Thursday, September 29, 2011

security husbands and impulse ink

I'm just back again, from another solo trip. Even though only a few weeks had gone by since I'd just abandoned my poor husband and children to run away to Burning Man, my first true solo vacation since meeting the Sober Husband, I once again callously left the poor things alone to fly up to Seattle (neglecting the poor old readers as well). This trip was poorly timed, given that poor Lola hadn't even recovered from her mother's Burning Man absence, but I felt obligated to make it. My mother (traveling from Texas), beloved aunt (traveling from Maine), and a friend from high school (flying up from LA) were all going to be in the Seattle area at the same time.

This trip was harder than Burning Man, paradoxically. I found myself missing the temperate influence of the Sober Husband, who truly does keep me on an even keel. I know it seems to so many people that the two of us are a pair of misfits, completely ill-suited to each other and constantly squabbling, but he truly is my security husband. There's a small, odd thing we do, where I put my hand on his bare stomach under his shirt, which calms us both down completely, even if we're so angry either of us could happily sever the other's carotid artery with our own teeth. We've been together now for about fifteen years, squabbling and stomach-touching and rolling our eyes at each other all the way, and for a mouthy independent feminist, I have certainly become pretty damn dependent upon him.

On the bright side, a trip away from my security blanket of a husband gave me a great opportunity to get an impulse tattoo. The man hates tattoos in general and mine in particular, but I really wanted one to cover up some scars. I browsed the art of an adorable young woman in a trendy tattoo shop in the U-district, but it was my mother who got a recommendation for a great old-school tattoo artist from someone in the International District. Luckily this fabulous artist had an open slot on a weekday, and soon I was under the needle.

I learned something which should have been blindingly obvious: I have a much higher pain threshold if I'm being tattooed by a dangerously attractive man, especially one who whispers in my ear while he's working that he's going to tear up the flash art for my tattoo so no one else can ever get that same tattoo again. Usually two-three hours under the needle is more than enough for me, but I spent nearly six hours, getting the new tattoo and also two old ones touched up, and I could have easily done more. "You thought I couldn't get this all done," I smugly bragged, and my artist sweetly said, "Sometimes you're surprised that a soldier walks in the door."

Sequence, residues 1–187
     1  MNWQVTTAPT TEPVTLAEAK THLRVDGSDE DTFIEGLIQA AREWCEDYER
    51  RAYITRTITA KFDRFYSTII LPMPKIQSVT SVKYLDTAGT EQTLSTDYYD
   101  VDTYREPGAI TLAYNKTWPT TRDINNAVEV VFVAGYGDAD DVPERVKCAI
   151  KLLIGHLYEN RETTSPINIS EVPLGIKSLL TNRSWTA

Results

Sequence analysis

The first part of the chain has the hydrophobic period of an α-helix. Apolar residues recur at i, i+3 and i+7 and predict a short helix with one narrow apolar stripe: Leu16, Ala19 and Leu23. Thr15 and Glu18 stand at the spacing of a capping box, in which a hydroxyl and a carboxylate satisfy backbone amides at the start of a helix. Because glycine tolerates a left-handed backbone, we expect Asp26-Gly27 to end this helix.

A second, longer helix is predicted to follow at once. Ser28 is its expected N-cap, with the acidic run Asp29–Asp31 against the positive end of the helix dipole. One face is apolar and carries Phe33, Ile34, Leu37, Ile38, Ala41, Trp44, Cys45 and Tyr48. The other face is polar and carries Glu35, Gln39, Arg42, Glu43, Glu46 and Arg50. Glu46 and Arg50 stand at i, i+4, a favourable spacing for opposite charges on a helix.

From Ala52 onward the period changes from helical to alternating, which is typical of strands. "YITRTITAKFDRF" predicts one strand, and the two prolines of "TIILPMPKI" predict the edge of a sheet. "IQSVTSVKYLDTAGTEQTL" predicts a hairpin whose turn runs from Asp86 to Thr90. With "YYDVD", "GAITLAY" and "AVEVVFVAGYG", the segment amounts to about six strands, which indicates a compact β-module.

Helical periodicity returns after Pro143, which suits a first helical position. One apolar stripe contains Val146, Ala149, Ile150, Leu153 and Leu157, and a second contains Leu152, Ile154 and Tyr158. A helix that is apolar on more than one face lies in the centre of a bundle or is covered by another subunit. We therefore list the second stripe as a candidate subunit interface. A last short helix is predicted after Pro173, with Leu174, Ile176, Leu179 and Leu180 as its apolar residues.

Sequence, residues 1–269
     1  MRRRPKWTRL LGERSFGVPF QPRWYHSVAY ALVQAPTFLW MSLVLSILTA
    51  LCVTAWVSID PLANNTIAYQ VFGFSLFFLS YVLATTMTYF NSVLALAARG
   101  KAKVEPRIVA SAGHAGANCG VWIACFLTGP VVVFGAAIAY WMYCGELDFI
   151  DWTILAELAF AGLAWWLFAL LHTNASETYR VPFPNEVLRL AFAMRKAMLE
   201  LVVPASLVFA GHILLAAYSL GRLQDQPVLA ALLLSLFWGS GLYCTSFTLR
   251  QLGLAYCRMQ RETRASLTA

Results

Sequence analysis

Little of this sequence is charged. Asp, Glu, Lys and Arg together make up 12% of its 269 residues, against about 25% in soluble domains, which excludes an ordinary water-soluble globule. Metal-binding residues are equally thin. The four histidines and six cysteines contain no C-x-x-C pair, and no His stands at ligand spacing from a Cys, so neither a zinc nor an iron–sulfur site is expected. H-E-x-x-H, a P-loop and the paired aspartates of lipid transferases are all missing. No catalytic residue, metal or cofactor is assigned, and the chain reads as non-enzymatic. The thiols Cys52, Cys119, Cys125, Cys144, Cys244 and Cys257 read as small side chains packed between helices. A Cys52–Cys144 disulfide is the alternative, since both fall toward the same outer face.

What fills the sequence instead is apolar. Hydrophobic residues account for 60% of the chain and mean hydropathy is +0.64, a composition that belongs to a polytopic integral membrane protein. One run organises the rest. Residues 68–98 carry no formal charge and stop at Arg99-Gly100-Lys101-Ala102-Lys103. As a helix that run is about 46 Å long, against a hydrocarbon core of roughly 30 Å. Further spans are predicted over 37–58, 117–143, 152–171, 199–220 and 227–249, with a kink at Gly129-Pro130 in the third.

Back home again, the Sober Husband was a good sport about the extra art. "I can tell it makes you happy," he said gallantly. That was a far cry from his reaction several years ago when I got a piece on my right arm, when he was spitting mad. Absence must make the tattoo-hating heart grow fonder.

Sunday, September 18, 2011

quote du jour

Eight year-old Lola says, "I feel like a person in a Guatemala prison right now... but less unhappy."

Saturday, September 17, 2011

the slow, sad re-acclimation

I'm not transitioning into Real Life easily after my sojourn at Burning Man. It's a common problem amongst Burners, a real cliche, but that doesn't make it easier for me.

And could you blame me? Here's a little snapshot of my vacation at Burning Man: I'm sitting in my shade shelter with my friend N., who accompanied me to Burning Man, as well as some new friends we made out on the playa. One of our new friends is massaging my poor, dust-tortured feet with lotion. We're drinking chilled cava. Someone actually asks me to explain the differences between cava, sparkling wine, and champagne (virtually never does anyone want to hear me prattle on about this sort of academic alcohol knowledge). Two good-looking men get into a debate over which one of them should get to fix my bike. One wins by informing the other firmly, "I will fix her bike. You rub her feet." My friend N. laughs and says, "Is there anything else you need, Mistress?" A new acquaintance of ours, a family physician from the Deep South who is at Burning Man for the first time, is speechless and stares, jaw visibly dropping open, as my friends trade places and one goes off to fix my bike while the other spends about forty-five minutes thoroughly massaging my feet. I just take another sip of my cava and lean back more deeply in my chair.